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tegrity. Nothing can guarantee that the disintegration has been ’posed to disintegration ones. The european trans- verse routes bypass it and it itself is turning into the grey zone outside economic interests and development proj- ects. This is the logic of post-communist europe, while Yu- goslavia is the best example of that historical process.30
it is a little-known fact that Yugoslavia had a chance to join the eeC on the most favorable terms on two occa- sions: in 1974, when Tito resolutely declined the offer, and in 1990, when this was done by Milošević and Tudjman. While Tito’s response to a special eeC envoy could be ex- plained by the Cold War logic and bloc division, in which Yugoslavia seemed to play a very favorable role, as well as Tudjman’s response in the spirit of ethnocentric populism and separatism, it is hard to understand the logic of Milo- šević’s rejection—“the creation of a strong federation.” at that time, the Soviet Union was already disintegrating, while Czechoslovakia disintegrated a little later. in Yugoslavia, the conditions for creating a “strong federation” were still less favorable, especially in the situation of being alone against all. it is highly unlikely that it was the question of Milošević’s ignorance. as a banker, he spent a lot of time in the United States. it is more likely that it was the question of the aforementioned interests of the partocratic oligarchy.
The self-reproducing and monopolistic class, whose half-century inviolable rule has indeed thrown Serbia back by one hundred years. Namely, about one century ago, Ser- bia ranked among the most modern countries in the re- gion as well as in europe. although it was a small agricul- tural country with a predominant patriarchal society, like the greatest part of contemporary europe to some extent, Serbia was one the first countries in europe and the rest of the world which introduced universal suffrage, initiated a land reform and had a relatively developed parliamentary system, in addition to significant non-governmental insti- tutions, foundations and other similar institutions. The University of Belgrade and the Serbian academy of Sci- ences and arts had a high degree of financial autonomy, since they were largely supported by charitable endow- ment funds. Struggling painfully to overcome its back- wardness and Ottoman legacy, small Serbia had a long way to go before approaching the civilizational achievements of modernization. The first Yugoslavia31 was faced with al-
30 a. Lynch, R. Lukić, Europe from the Balkans to the Urals : The Desintegration of Yugoslavia and the Soviet Union, Oxford Univer- sity Press, 1996, 436 pp. ; R. Lukić, L’agonie yougoslave (1986–2003). Les Etats-Unis et l’Europe face aux guerres balikaniques, Les Presses de l’Université Laval, 2003, pp. 43–144 ; P. de Bois, “L’Union euro- péenne et le naufrage de la Yougoslavie (1991–1995),” Relation inter- nationale 104, Genève 2000, pp. 477–480; Y. Brossard, j. Vidal, L’éclatement de la Yougoslavie de Tito (1980–1995), Désintégration d’une fédération et guerres interethniques, Paris 2001, pp. 43–50.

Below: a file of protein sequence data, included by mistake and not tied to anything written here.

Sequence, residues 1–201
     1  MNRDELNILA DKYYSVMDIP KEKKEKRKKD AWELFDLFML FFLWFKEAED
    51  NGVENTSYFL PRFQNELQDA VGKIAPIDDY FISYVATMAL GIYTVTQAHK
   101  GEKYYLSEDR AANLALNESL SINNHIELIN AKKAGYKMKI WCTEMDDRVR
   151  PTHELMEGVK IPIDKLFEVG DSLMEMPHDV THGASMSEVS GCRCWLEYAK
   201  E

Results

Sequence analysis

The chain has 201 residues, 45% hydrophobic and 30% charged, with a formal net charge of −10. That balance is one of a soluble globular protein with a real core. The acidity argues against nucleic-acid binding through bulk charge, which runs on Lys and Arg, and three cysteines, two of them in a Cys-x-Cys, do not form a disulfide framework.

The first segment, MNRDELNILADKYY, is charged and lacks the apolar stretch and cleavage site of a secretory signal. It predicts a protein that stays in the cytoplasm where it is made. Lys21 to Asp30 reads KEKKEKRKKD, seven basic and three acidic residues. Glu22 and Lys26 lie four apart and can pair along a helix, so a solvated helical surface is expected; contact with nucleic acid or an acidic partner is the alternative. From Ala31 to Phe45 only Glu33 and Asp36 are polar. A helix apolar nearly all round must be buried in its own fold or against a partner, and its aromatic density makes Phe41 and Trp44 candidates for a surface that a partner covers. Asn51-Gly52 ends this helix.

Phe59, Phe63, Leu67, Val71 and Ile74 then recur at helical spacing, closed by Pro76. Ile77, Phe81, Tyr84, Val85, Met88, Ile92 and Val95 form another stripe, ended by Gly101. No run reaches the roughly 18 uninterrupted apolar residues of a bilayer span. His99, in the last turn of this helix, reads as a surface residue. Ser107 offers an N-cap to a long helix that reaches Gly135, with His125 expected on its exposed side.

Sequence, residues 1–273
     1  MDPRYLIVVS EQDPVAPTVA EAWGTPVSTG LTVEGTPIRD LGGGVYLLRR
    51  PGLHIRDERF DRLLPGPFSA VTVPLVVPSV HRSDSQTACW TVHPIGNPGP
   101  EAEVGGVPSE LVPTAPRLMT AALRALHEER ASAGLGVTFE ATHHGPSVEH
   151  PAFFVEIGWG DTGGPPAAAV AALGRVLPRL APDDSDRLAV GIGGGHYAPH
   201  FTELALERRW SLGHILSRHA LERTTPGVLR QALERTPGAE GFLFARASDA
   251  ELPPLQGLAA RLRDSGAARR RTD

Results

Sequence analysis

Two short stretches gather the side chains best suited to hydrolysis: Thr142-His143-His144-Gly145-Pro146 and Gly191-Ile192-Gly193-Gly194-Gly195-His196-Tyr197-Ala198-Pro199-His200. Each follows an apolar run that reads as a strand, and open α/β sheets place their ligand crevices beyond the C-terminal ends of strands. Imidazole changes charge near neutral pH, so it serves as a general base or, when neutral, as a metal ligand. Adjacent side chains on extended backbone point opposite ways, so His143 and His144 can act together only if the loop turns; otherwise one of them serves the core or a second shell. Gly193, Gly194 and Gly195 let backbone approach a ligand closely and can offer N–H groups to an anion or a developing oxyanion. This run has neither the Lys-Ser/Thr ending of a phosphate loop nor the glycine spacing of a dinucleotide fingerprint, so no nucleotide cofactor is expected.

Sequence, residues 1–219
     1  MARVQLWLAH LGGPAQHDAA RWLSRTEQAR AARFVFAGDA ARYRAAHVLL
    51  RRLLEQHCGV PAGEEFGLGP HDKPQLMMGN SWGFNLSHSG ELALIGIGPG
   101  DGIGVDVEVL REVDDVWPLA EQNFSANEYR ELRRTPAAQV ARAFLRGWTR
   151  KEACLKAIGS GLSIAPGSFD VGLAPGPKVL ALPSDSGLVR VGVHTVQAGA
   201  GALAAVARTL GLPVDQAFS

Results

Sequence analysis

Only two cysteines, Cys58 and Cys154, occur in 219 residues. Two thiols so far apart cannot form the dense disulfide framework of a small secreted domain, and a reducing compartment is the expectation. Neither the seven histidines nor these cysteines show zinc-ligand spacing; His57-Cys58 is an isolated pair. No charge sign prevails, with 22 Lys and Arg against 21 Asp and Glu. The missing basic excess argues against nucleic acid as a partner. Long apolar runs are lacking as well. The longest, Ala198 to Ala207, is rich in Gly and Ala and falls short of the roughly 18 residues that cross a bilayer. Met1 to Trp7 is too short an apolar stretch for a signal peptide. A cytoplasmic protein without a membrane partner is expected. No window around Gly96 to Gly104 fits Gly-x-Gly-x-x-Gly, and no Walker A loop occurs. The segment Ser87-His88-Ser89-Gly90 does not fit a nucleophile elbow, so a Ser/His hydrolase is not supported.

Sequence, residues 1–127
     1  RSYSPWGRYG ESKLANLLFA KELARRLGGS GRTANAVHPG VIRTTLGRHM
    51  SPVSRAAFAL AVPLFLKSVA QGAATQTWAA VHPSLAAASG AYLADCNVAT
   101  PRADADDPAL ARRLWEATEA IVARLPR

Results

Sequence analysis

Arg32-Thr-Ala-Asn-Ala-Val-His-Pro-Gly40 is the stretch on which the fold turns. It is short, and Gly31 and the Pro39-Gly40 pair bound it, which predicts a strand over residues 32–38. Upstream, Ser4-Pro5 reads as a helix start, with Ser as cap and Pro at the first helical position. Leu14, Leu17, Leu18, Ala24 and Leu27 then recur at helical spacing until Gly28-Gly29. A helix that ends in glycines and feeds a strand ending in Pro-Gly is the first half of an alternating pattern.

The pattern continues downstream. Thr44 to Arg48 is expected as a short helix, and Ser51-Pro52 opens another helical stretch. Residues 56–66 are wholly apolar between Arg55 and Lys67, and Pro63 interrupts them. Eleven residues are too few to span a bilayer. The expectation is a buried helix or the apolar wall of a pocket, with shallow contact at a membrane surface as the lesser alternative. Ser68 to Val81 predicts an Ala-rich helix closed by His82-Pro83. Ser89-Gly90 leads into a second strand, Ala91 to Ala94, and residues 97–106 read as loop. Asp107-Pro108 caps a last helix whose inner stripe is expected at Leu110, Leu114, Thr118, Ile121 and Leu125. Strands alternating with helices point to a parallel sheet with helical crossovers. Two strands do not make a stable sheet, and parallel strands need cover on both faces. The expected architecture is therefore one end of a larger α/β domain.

31 a. Mitrović, “Pitanje stvaranja jugoslovenske države kao me- djunarodni problem u ratu 1914–1918,” in: Stvaranje Jugoslovenske države 1918 godine, Belgrade 1989, pp. 21–22; Lj. Dimić, Srbi i Jugo- slavija, Belgrade 1998; id., Istorija srpske državnosti, Belgrade 2001;
The Battle of Kosovo and Kosovo Today— History and Memory
most insurmountable internal and external challenges, but still achieved significant success in its struggle against backwardness, not to mention land reform, economic growth, stable finance and education. it did not collapse from within,32 but was forcibly dismembered by the supe- rior external adversary, at the time when europe fell into the deepest abysses of its history, to the lowest point of its existence.
Over the centuries, the anniversary of the Battle of Ko- sovo of 1389 has been marked not as the celebration of the defeat, as this event is sometimes wrongly interpreted. On the contrary, it has been an incentive and inspiration for new exploits, creation, the struggle for victory over dis- honor, hope over hopelessness, faith over little faith, cour- age over apathy. This is how it has been experienced and understood, as an incentive and challenge of life and his- tory, peace and war, creation and destruction, whereby suc- cess can be achieved by overcoming a failure, until victory after defeat, until joy after grief, until resurrection that is not possible without death, until the change of mind and correction, which are impossible without repentance. There- fore, in the spirit of the original ethics and epic, Vuk Kara- džić could say in a concise way: “Work and sing at the same time; this way you will take the best revenge on your adver- saries and shame them.”
Kosovo has always been an indicator of Serbian history and time will show whether it will remain that in the future.
Reconciliation and Human Security Proceedings of the Fourth ECPD International Conference (eds. T. Togo, N. P. Ostojić), european Center for Peace and Development, Belgrade 2009, pp. 312–324
  Id., “Kuda i kako—Mitovi i znanja o istoriji jugoslavije,” in: The Shared History Myths and Stereotypes of the Nationalism and Communism in Ex Yugoslavia, Novi Sad 2008, p. 9–22.
32 V. Terzić, Slom Kraljevine Jugoslavije 1941, i-ii, Belgrade-Ljub- ljana-Titograd, 1982; B.S. Vukčević, Diverse Forces in Yugoslavia 1941–1945, Los angeles 1990; The Shared History The Second World War and National Question in Ex Yugoslavia, Novi Sad 2008.

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